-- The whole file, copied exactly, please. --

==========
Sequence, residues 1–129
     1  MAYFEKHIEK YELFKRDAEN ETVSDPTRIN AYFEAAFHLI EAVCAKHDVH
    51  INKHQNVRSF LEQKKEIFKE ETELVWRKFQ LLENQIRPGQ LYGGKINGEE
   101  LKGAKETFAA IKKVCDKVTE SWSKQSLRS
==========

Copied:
Sequence, residues 1–129
     1  MAYFEKHIEK YELFKRDAEN ETVSDPTRIN AYFEAAFHLI EAVCAKHDVH
    51  INKHQNVRSF LEQKKEIFKE ETELVWRKFQ LLENQIRPGQ LYGGKINGEE
   101  LKGAKETFAA IKKVCDKVTE SWSKQSLRS